Does change in health-related quality of life score predict survival? Analysis of EORTC 08975 lung cancer trial.
BACKGROUND: Little is known about whether changes in health-related quality of life (HRQoL) scores from baseline during treatment also predict survival, which we aim to investigate in this study. METHODS: We analysed data from 391 advanced non-small-cell lung cancer (NSCLC) patients enrolled in the EORTC 08975 study, which compared palliative chemotherapy regimens. HRQoL was assessed at baseline and after each chemotherapy cycle using the EORTC QLQ-C30 and QLQ-LC13. The prognostic significance of HRQoL scores at baseline and their changes over time was assessed with Cox regression, after adjusting for clinical and socio-demographic variables. RESULTS: After controlling for covariates, every 10-point increase in baseline pain and dysphagia was associated with 11% and 12% increased risk of death with hazard ratios (HRs) of 1.11 and 1.12, respectively. Every 10-point improvement of physical function at baseline (HR=0.93) was associated with 7% lower risk of death. Every 10-point increase in pain (HR=1.08) was associated with 8% increased risk of death at cycle 1. Every 10-point increase in social function (HR=0.91) at cycle 2 was associated with 9% lower risk of death. CONCLUSIONS: Our findings suggest that changes in HRQoL scores from baseline during treatment, as measured on subscales of the EORTC QLQ-C30 and QLQ-LC13, are significant prognostic factors for survival.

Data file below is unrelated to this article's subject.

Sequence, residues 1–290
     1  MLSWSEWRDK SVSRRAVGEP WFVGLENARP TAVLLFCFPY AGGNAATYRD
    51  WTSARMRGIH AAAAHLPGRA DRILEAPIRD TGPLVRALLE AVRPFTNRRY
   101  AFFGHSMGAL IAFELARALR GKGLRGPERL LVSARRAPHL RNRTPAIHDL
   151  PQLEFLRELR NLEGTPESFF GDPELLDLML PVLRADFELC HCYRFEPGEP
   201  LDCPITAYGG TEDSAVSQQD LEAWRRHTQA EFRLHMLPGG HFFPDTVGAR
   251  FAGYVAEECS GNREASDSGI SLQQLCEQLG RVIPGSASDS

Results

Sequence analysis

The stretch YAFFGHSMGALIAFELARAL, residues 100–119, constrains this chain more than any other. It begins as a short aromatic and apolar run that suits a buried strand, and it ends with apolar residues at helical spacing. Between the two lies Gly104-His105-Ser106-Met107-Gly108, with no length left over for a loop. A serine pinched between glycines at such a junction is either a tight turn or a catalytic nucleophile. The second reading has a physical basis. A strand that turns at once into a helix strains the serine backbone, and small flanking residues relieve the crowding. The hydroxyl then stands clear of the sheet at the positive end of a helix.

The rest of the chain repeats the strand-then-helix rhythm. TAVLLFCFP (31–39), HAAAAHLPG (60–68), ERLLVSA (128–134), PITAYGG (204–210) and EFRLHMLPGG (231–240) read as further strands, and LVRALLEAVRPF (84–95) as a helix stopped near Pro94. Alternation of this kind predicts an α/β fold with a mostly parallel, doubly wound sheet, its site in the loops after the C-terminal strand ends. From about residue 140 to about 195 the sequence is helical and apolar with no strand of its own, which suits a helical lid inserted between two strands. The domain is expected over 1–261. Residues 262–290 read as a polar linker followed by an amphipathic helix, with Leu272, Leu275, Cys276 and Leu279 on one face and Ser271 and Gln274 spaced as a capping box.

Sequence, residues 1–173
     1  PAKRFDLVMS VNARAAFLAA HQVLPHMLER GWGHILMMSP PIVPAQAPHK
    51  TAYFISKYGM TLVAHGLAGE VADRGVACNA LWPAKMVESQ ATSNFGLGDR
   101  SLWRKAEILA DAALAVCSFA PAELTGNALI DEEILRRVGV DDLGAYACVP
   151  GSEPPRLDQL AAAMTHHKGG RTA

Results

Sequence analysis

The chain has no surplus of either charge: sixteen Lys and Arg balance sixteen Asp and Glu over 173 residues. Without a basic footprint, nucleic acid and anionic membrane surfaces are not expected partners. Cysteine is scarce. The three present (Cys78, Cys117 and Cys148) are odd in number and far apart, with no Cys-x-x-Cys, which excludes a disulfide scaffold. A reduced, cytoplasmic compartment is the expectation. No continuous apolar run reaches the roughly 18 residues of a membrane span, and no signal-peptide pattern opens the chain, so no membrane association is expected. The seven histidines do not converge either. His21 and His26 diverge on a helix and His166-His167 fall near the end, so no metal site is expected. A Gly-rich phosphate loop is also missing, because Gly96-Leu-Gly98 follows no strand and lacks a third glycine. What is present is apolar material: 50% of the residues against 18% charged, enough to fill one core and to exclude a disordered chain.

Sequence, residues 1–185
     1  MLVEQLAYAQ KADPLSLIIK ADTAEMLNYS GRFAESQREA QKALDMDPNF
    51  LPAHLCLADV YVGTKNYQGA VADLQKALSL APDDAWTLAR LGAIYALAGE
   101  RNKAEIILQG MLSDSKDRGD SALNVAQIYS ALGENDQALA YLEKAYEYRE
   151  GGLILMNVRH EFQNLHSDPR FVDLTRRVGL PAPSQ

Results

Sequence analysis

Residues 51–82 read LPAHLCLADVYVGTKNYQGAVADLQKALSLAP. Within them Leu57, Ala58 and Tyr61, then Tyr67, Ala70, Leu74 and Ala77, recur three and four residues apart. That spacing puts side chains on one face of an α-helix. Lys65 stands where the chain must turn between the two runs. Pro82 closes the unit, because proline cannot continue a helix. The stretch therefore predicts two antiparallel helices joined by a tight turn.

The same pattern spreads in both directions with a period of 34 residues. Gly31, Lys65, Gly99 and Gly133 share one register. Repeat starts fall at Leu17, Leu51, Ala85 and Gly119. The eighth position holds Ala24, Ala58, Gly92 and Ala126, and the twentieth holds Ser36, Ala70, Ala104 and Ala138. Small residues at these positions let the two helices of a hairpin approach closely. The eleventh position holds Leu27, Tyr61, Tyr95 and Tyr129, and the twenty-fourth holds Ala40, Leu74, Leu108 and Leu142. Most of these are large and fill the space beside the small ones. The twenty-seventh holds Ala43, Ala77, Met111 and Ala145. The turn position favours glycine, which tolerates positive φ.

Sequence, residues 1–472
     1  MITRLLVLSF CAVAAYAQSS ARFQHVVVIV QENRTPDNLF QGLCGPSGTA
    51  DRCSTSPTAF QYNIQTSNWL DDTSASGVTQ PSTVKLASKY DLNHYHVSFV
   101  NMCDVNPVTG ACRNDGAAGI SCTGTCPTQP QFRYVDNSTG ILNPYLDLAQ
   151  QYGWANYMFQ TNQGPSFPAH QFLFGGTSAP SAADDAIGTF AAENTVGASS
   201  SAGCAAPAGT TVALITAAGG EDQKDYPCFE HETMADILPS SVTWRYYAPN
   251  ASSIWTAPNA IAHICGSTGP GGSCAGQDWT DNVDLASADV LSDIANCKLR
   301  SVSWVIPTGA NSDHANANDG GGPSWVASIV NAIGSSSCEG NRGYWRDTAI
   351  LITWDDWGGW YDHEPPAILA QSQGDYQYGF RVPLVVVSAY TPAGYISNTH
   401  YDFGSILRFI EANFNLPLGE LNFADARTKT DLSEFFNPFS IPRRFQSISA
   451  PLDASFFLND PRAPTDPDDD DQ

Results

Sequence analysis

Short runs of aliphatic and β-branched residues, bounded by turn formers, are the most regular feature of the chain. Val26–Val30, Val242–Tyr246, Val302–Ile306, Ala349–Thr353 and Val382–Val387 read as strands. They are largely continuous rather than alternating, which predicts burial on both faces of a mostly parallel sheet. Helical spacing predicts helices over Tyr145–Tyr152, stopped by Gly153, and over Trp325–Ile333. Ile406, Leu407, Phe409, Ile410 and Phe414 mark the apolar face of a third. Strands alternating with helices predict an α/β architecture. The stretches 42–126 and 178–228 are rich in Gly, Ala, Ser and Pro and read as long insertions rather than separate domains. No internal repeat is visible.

Ediebah, DE; Coens, C; Zikos, E; Quinten, C; Ringash, J; King, MT; Schmucker von Koch, J; Gotay, C; Greimel, E; Flechtner, H; Weis, J; Reeve, BB; Smit, EF; Taphoorn, MJB; Bottomley, A
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